11. Costantino, sounds like a nice Italian name. I'm Italian too. Regardless welcome to the board. 1.You have some good options but before we proceed can you explain who is overseeing your funds (company) Good funds alone don't tell the whole story. 2. is this in a 403b or 457B account? Are you a teacher? 3. Are you dealing with an advisor? Who does the advisor work for. Have you already had contact? 4. Can you provide us with your district's provide'r list? (choice of investment companies). This should be available on your teacher webpages or by asking a central office person in charge. 5. Do you have the fees involved ? Are they stated anywhere ? All this information is important to help you. Please provide as much info as possible. Tony
  12. tony

    Why? FI

    Financial independence is, in many ways, just a new wrapper on some long-cherished financial notions. While the movement has taken hold among millennials, the core ideas will be familiar to a lot of baby boomers and Gen Xers. Earlier generations often subsisted on a single income. Owning just one car, and raising a family of four in a home with two bedrooms and a single bathroom, weren’t unusual. “Earn more, spend less” isn’t exactly a new idea. Perhaps the financial independence movement could most accurately be described as a throwback to earlier times. https://humbledollar.com/2019/11/why-fi/
  13. But advisors can 't be held liable for doing the same.
  14. Which from my experience means ...... it will never be discussed at all past the first step but i hope I am wrong.
  15. Oh . Sorry didn't make the connection and didn't remember you had these options. You are in a much better place than most school systems. Its just a matter of getting the word out.
  16. funny all three of those though would be less damaging. Well maybe a petition isn't what I meant. Maybe just a list of teachers interested in new 403b options? I know when we added better options, the personnel guy asked me that my desire to add Vanguard would be taken more seriously if I had others interested too. I came up with about 75 signatures which helped push our 403b toward Vanguard. I was a little deceptive in that I asked folks to sign it who frankly didn't always really know what they were signing but did it ,to help me out. I guess in that instance I was acting as bad as insurance salespeople. But my intentions were good.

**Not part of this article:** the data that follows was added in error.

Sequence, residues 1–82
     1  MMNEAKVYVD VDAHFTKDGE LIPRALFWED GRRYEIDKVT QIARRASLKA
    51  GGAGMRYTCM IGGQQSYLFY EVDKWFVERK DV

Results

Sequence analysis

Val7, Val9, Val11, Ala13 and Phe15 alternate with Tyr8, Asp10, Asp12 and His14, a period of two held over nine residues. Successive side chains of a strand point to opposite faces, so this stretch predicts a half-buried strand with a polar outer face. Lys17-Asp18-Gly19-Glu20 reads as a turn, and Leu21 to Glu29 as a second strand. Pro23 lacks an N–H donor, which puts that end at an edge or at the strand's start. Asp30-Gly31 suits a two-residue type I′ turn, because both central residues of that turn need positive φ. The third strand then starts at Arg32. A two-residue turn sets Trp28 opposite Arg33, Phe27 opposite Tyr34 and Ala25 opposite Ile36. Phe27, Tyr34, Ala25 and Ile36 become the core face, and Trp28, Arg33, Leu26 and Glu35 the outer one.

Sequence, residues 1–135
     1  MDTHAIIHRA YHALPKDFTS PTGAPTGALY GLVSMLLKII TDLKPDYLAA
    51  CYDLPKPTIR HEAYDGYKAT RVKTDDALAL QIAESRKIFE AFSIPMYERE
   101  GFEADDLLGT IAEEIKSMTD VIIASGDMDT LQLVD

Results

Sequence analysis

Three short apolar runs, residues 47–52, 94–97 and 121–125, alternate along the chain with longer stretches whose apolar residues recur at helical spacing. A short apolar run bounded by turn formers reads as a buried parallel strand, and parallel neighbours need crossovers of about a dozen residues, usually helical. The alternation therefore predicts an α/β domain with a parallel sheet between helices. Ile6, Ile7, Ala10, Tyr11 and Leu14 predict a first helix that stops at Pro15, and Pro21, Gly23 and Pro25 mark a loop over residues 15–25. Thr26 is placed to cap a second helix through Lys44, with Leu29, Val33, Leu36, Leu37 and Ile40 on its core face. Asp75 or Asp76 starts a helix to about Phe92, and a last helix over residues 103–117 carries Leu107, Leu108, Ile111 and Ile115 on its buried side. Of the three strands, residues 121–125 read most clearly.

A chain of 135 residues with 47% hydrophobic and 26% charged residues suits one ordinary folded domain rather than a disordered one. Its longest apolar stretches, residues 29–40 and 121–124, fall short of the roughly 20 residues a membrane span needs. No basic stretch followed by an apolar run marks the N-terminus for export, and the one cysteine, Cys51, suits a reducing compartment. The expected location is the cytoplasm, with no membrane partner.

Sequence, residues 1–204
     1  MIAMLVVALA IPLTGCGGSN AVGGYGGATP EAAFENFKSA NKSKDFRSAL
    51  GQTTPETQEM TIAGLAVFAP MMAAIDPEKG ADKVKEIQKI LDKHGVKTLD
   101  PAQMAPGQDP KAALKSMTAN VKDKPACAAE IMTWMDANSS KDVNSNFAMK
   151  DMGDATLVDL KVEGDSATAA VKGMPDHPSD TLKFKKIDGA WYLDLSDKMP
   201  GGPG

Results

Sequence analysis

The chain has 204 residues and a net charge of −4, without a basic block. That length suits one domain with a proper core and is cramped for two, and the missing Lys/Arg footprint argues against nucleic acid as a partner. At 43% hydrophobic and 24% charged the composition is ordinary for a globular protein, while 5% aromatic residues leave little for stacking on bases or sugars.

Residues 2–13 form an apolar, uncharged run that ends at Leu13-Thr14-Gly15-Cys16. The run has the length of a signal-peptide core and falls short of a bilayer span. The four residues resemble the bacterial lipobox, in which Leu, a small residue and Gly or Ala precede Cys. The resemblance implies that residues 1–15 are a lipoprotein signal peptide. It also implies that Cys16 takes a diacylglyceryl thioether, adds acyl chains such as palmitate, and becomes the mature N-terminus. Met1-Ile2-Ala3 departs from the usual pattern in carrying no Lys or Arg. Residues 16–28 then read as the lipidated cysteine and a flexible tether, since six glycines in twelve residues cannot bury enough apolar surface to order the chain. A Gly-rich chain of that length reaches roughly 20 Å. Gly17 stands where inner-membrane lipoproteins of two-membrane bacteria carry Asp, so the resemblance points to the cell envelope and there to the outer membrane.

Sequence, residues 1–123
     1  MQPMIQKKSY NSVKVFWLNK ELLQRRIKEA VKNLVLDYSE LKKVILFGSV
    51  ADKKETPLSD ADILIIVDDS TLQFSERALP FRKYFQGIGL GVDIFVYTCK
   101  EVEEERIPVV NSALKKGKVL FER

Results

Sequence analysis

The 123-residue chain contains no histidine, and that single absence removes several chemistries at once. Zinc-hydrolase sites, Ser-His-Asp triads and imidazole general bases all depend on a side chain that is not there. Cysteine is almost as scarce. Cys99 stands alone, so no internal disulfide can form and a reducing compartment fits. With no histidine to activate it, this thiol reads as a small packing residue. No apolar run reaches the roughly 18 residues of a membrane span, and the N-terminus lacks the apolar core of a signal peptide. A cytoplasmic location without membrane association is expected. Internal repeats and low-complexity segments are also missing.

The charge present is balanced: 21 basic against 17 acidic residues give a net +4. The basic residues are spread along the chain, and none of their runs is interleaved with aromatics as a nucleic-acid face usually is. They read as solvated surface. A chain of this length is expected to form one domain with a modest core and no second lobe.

17. I also want to add that you propose to have advisors sign a fiduciary standard but they by law (or lack of)are not required to do so. So who is going to monitor the advisors? Unions won't and The district won't . So its business as usual. Also. Handholding is a big reason school systems won't stop advisor contact imperfect as it might be. Teachers don't know enough to proceed on their own and that is the advisors way in. We know what happens then.
  18. MN Good ideas but in my opinion the change will have to come from the bottom -up. Get a bunch of teachers to sign a petition of sorts endorsing your recommendations.The more the better. Most school systems won't feel the urgency to make changes when they don't perceive a problem. While your ideas are good, most folks have such a low financial IQ that it might not stick unless you show broad teacher support for your recommendations. Good luck.
  19. Ottakee The financial industry is pretty much self serving and purposely complex and basically dishonest. Your best move in my amateurish opinion is to self educate yourself and be your own fee-free only advisor. With the internet and plenty of good books out there you can do it all on your own. Steve S has written a few himself.And YOU will always be there for you!! It's like anything else, the more you learn about something the more you realize you can usually have done it yourself and you come to realize the experts don't know as much as you might have thought. Just do it. I've learned to do more and more things regardless of the task on my own. I was so tired of dishonest advisors, repairmen, etc etc who are either incompetent, dishonest or unreliable. We come to rely too much on so called experts thinking they know something. You would be surprised how many doctors even use Dr. Google these days. Just my 2.5 cents Tony